3 Numbers: US inflation on track for first rise since February
- German inflation expected to be under 2% but calls for tighter policy are probable
- US inflation should tick higher – a first since last February
- Two upcoming US Federal Reserve speeches will probably be dovish
By Juhani Huopainen
North Korea is in the headlines and that has led to inflows to safe-haven assets. During crisis times investors traditionally decrease their risk ahead of the weekend by selling risky assets such as stocks and buying safe-haven assets such as gold, USD and bonds. After the weekend, those trades are reversed if nothing serious has happened when the markets were closed.
If this pattern holds, risky assets might very well continue plummeting today after a very weak Thursday, but recover immediately on Monday as markets open. Brave investors might want to buy that dip, hold over the weekend and earn the risk premium.
Weekly DAX-index candlestick chart, zoomed-out to show the full bull market since the 2009 bottom:
Daily candlestick chart shows the current correction. Perhaps today might be a good time to go bottom-fishing for a move higher towards the first blue resistance around 12,080? Personally, I prefer shorting if we get there.
Germany: July Consumer Price Index (0600). German consumer prices are expected to have risen 1.7% in July, which would be an unchanged number from the earlier flash estimate.
The European Central Bank is moving towards tapering its asset purchases and Germany carries a lot of political clout. A reading close to the 2% target level might very well lead to demands that the ECB must begin tightening the policy.
The approaching elections make this even more probable, as politicians and central bankers want to present a prudent and sound face to the electorate. Voters are (rightly) worried about the balance sheet risks that Germany is taking on through the ECB.
US: July Consumer Price Index (1230). The headline price index is expected to have risen 0.2% from the previous month. The median forecast for the core price index change, which excludes food and energy prices, is also 0.2%.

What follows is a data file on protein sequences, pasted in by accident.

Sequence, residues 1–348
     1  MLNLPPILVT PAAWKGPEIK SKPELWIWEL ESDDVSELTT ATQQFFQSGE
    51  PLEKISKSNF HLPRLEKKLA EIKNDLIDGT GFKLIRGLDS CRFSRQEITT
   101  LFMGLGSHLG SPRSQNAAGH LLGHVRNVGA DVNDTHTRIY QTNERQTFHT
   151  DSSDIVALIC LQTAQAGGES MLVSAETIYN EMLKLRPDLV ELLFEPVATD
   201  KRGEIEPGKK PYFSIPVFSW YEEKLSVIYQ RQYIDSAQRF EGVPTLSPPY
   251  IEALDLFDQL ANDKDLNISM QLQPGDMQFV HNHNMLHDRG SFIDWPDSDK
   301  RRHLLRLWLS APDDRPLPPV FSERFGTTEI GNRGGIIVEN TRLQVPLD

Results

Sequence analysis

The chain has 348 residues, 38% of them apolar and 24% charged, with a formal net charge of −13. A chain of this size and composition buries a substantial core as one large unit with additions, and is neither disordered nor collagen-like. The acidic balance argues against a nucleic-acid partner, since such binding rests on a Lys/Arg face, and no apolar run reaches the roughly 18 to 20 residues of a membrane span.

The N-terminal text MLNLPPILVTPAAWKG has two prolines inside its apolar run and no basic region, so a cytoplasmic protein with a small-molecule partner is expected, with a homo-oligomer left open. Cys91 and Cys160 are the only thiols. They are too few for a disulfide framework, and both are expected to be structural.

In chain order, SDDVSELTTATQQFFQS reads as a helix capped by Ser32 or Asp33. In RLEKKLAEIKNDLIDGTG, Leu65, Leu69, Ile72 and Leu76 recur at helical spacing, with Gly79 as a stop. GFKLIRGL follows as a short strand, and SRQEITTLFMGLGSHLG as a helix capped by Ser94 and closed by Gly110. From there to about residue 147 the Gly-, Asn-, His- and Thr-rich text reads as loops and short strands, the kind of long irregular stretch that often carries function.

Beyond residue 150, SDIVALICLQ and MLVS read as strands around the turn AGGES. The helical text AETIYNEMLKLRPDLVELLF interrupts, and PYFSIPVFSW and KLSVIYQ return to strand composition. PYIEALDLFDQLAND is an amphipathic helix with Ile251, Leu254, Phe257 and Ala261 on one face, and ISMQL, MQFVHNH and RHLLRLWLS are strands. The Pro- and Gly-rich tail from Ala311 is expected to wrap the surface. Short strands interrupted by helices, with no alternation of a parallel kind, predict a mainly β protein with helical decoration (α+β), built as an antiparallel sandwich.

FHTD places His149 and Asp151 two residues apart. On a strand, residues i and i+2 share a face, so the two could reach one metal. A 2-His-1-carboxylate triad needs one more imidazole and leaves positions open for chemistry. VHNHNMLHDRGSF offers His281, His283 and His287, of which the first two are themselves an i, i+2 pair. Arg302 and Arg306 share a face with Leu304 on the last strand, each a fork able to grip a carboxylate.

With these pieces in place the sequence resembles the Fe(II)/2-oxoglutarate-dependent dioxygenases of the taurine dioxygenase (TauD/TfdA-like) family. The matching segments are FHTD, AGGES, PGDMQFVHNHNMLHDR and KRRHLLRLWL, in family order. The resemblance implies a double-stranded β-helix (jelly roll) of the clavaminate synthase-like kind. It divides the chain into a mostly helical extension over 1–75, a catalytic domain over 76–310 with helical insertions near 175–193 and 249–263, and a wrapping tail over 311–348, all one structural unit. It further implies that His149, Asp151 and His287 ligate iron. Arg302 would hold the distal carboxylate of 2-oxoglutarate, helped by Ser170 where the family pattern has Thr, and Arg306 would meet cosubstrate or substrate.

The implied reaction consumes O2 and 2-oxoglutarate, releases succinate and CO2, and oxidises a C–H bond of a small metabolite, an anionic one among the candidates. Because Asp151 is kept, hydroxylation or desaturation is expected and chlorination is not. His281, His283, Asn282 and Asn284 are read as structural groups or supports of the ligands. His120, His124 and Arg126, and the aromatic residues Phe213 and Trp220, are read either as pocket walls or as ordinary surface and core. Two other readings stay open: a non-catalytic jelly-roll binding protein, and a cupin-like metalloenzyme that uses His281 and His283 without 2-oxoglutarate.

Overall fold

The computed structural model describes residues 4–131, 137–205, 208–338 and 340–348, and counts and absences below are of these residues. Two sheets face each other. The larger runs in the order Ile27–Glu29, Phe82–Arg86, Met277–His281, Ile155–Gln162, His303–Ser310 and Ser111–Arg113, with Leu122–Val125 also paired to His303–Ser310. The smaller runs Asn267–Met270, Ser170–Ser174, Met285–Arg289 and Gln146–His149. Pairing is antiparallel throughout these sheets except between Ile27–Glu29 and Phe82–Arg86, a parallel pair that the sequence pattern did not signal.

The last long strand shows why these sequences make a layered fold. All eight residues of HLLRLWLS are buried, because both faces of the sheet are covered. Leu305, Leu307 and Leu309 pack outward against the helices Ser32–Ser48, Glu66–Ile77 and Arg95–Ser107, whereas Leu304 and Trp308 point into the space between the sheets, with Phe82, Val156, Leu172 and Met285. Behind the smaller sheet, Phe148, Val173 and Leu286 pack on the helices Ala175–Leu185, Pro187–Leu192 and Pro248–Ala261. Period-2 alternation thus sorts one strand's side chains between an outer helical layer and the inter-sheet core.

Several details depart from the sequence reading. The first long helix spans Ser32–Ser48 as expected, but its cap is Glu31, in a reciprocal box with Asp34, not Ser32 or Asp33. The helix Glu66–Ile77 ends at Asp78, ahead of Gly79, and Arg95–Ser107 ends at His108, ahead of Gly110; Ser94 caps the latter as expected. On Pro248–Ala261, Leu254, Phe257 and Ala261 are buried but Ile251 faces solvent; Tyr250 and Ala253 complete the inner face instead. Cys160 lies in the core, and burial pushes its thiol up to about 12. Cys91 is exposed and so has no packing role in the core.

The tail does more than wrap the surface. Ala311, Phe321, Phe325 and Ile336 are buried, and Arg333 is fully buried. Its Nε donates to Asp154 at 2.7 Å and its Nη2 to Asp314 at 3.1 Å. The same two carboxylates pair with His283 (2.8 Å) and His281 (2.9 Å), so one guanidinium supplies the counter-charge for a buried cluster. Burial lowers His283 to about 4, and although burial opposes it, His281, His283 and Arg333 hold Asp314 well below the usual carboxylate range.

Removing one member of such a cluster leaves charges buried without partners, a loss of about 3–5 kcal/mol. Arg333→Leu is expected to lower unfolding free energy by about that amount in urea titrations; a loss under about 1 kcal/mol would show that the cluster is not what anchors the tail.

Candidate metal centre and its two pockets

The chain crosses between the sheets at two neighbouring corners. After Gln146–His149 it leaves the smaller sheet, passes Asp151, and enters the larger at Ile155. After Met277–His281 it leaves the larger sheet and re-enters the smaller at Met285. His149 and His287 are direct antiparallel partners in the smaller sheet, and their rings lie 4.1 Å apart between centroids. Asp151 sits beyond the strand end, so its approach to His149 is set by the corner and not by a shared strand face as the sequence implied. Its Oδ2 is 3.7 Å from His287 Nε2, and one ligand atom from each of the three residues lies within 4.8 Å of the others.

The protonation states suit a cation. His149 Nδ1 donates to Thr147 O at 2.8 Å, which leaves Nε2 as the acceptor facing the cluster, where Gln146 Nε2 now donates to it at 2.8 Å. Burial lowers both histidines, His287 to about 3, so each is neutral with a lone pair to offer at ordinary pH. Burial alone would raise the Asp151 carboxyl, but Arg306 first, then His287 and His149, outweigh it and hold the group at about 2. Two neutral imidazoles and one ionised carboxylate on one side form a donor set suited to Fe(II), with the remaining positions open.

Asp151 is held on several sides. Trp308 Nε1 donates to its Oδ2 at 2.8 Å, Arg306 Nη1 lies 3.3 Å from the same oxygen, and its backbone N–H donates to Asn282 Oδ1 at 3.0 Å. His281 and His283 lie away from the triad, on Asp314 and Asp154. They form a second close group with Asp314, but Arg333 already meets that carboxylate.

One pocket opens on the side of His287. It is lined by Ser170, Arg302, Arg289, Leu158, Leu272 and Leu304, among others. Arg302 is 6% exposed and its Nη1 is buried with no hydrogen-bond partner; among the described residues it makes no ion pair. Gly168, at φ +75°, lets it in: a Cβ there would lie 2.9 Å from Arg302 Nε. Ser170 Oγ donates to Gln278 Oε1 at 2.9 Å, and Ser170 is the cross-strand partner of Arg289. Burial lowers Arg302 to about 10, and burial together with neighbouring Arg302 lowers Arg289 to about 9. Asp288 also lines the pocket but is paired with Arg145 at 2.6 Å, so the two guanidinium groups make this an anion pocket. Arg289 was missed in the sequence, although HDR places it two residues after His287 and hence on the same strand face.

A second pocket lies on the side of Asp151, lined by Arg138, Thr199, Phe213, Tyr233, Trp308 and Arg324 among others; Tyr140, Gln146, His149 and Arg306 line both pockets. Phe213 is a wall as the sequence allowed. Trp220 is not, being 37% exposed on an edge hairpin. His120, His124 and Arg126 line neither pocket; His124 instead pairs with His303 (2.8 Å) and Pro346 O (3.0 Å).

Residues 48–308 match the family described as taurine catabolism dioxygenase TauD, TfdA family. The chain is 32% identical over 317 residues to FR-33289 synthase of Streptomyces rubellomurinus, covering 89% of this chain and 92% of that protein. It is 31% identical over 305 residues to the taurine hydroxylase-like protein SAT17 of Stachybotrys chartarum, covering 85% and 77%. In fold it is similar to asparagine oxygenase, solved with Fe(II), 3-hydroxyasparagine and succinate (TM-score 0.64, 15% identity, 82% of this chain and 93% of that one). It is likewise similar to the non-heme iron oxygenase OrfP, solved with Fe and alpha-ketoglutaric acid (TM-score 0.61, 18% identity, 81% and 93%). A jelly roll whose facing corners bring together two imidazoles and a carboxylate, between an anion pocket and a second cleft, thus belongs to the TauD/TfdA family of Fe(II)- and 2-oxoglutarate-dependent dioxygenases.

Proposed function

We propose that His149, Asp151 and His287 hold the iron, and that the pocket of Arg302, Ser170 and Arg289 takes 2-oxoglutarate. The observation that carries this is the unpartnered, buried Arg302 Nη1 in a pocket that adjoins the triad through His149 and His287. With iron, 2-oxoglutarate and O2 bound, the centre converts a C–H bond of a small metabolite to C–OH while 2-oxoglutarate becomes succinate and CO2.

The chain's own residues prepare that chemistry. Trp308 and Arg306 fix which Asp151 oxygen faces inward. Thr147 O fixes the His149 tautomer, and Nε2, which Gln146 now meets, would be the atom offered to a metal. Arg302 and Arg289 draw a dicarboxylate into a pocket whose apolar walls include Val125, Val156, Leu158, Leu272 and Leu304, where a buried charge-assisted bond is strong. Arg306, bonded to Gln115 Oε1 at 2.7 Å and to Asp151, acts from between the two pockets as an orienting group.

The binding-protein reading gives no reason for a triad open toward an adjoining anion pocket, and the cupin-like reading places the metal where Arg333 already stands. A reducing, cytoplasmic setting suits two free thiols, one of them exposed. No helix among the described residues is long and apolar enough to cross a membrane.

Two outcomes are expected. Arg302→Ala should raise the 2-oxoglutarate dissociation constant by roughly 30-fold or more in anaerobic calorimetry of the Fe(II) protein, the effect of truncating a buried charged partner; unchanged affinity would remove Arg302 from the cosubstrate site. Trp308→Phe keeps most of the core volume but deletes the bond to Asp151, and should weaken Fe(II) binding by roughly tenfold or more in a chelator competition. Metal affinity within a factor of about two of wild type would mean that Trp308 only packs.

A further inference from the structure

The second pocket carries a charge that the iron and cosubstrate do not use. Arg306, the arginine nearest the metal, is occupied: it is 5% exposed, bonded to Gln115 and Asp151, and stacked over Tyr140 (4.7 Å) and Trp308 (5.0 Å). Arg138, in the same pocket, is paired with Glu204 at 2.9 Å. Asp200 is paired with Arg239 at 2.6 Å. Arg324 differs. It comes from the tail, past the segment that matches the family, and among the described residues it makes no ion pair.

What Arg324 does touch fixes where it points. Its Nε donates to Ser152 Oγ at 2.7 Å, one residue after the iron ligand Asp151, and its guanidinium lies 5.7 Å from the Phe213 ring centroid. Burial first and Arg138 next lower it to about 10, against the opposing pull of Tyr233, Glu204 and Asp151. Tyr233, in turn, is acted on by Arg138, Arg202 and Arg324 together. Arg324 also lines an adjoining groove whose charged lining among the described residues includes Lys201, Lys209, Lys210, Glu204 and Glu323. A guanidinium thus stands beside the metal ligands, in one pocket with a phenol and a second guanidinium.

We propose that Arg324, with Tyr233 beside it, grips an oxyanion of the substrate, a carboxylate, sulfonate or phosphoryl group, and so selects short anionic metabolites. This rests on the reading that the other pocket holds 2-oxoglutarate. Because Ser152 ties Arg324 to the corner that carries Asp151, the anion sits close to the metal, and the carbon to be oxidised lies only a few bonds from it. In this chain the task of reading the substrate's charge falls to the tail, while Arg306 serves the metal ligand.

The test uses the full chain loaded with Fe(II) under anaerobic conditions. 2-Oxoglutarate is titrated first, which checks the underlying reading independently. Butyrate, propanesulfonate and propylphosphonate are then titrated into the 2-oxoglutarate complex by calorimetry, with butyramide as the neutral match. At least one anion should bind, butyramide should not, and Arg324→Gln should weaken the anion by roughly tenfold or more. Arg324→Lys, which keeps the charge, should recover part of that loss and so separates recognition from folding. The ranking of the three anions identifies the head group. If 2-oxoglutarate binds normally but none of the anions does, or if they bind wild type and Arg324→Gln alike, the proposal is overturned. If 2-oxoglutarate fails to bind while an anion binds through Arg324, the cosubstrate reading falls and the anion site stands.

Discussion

These changes would lift the yearly consumer price change to 1.8% from 1.6% in June, and the core price change would be left unchanged at 1.7%.
This would be the first uptick in the yearly price change since last February’s peak of 2.8% – but the core price change would still not have turned higher.
The picture thus remains largely unchanged. Inflation is muted and below the Federal Reserve’s goal of 2%, but the core price change has not collapsed below levels that would push the Fed to worry too much about disinflation.
Looking at another chart, this one directly from the Federal Reserve’s excellent FRED, we notice that the five-year, five-year forward inflation expectation rate suggests investors seem to believe the inflation is quite well anchored:
Investors trust that the inflation outlook is well-anchored at 2% because low unemployment will at some point push prices higher. Alternatively, investors trust that the Fed remains flexible and if the inflation outlook worsens, it would adjust the forward guidance accordingly and possibly delay further rate hikes.
Of interest also is the behaviour of the USD index and the inflation rate. A stronger USD decreases inflation, while a weaker USD increases inflation. Perhaps the USD’s recent weakening is about to help in lifting the inflation rate higher?
Federal Reserve speakers (1340 GMT, 1530): Two members of the Federal Open Market Committee speak today: Robert Kaplan (1340) and Neel Kashkari (1530). Kaplan is considered to be right in the middle of the hawk-dove-scale. In July, Kaplan said that he would like to see “more evidence that we’re making progress in meeting our inflation objective before we take further steps in removing accommodation.”
Kashkari is a clear dove, and in June voted against the rate hike – his second dissenting vote of the year. He is worried that the trust that other FOMC members place on the Phillips curve (low unemployment leads to higher inflation) might lead to too-fast tightening and a low inflation outcome.
It is highly probable that both of them will present dovish comments in their speeches, which could weaken the USD. It should be noted that investors already know the policy stance of these two FOMC members, and there won’t necessarily be much reaction. A dissenting vote or two won’t stop the other FOMC members from proceeding with rate hikes.